Below are Obama’s remarks about agriculture. (The entire transcript of his speech is here):
Together, we can strengthen agriculture. Cooperation between Indian and American researchers and scientists sparked the Green Revolution. Today, India is a leader in using technology to empower farmers, like those I met yesterday who get free updates on market and weather conditions on their cell phones. And the United States is a leader in agricultural productivity and research. Now, as farmers and rural areas face the effects of climate change and drought, we’ll work together to spark a second, more sustainable Evergreen Revolution
Together, we’re improving Indian weather forecasting systems before the next monsoon season. We aim to help millions of Indian farmers — farming households save water and increase productivity, improve food processing so crops don’t spoil on the way to market, and enhance climate and crop forecasting to avoid losses that cripple communities and drive up food prices.
And as part of our food security initiative, we’re going to share India’s expertise with farmers in Africa. And this is an indication of India’s rise — that we can now export hard-earned expertise to countries that see India as a model for agricultural development. It’s another powerful example of how American and Indian partnership can address an urgent global challenge.
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I am very happy to report that my colleague, Alessandra Giannini, a research scientist at the International Research Institute for Climate and Society, has been awarded a National Science Foundation CAREER award to advance our understanding of climate model projections in the African Sahel, a semi-arid region south of the Sahara Desert that stretches from the Atlantic Ocean to the Red Sea.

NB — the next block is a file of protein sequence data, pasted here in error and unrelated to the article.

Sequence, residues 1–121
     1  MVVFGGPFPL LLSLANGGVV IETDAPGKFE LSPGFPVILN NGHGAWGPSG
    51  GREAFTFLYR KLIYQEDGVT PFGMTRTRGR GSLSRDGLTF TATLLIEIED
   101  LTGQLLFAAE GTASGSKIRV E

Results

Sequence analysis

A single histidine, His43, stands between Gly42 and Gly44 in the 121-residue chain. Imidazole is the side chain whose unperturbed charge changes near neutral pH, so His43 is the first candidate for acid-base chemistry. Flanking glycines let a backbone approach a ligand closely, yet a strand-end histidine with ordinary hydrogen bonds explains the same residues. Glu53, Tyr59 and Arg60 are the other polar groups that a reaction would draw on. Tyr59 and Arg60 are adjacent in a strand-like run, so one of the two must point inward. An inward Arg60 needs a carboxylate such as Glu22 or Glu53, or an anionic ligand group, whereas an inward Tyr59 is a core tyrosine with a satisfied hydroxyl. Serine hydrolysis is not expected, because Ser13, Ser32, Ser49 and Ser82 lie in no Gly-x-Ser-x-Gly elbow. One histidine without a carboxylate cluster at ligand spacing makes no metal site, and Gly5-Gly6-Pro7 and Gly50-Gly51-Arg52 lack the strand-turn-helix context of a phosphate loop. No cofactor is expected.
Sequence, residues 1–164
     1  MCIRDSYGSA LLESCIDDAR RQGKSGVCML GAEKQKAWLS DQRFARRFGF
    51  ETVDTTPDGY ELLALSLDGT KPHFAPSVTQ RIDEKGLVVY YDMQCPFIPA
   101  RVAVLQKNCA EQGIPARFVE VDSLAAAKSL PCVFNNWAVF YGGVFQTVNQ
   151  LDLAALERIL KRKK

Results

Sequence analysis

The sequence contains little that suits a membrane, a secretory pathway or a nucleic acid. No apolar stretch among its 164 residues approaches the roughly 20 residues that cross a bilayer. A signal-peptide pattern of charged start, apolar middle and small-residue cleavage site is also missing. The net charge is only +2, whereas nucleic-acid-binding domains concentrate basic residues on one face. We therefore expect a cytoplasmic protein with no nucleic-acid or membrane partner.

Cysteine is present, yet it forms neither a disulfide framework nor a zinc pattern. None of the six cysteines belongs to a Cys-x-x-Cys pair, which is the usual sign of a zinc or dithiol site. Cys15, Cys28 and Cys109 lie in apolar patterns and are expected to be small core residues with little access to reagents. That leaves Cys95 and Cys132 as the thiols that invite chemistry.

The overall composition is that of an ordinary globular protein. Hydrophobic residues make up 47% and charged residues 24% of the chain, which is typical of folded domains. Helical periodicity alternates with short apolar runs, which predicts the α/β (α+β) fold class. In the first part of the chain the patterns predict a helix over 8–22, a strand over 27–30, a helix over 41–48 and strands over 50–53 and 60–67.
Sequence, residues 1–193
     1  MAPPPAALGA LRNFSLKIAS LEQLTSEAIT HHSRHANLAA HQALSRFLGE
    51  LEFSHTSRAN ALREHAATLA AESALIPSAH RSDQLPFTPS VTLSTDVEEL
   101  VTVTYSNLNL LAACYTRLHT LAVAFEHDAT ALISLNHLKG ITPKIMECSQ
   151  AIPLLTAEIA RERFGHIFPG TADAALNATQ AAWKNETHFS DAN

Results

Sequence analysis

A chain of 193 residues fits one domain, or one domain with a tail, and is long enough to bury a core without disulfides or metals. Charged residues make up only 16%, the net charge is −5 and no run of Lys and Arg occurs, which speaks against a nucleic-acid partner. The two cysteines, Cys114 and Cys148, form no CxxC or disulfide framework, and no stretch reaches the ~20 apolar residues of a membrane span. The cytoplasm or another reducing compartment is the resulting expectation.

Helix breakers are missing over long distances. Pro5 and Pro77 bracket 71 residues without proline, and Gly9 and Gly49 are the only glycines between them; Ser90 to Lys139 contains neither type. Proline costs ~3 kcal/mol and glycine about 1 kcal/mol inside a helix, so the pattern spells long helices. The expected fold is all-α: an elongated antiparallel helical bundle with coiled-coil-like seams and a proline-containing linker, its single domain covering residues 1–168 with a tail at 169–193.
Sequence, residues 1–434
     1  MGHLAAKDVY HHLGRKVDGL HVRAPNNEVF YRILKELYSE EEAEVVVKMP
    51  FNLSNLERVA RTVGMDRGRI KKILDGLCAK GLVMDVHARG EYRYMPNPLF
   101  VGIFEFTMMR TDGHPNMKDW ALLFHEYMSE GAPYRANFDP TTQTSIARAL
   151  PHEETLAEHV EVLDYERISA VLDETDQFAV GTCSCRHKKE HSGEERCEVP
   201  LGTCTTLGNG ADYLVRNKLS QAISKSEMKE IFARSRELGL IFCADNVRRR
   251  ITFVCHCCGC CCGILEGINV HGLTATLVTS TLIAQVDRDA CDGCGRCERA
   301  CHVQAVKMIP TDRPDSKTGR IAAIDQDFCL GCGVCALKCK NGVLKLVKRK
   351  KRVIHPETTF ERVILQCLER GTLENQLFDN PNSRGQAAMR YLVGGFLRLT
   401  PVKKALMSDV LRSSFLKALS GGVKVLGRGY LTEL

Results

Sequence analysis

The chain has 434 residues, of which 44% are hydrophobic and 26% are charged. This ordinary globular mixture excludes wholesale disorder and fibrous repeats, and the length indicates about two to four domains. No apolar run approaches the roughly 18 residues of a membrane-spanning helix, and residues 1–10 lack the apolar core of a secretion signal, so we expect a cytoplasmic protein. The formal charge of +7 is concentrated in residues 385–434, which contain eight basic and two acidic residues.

[I also shot a quick video interview with Ale. Had much fun with it. I used our trusty Kodak zi8 HD record with a lapel mic. The interview part took about an hour, and then I used iMovie to edit a better-than-rough cut in about 3 hours. IRI's design guru, Jason, added the final polish. Click on the embedded movie to listen to Ale discuss her work, as well as her thoughts on becoming a scientist. Now for the rest of the story...]
The Faculty Early Career Development Program, known as CAREER, is the National Science Foundation’s most prestigious award for junior professors that are exemplary “teacher-scholars” who can integrate education and research within the context of the mission of their organizations.
At the heart of Giannini’s research is a quest to understand why 21st century climate-change projections diverge in the Sahel and other parts of the developing world.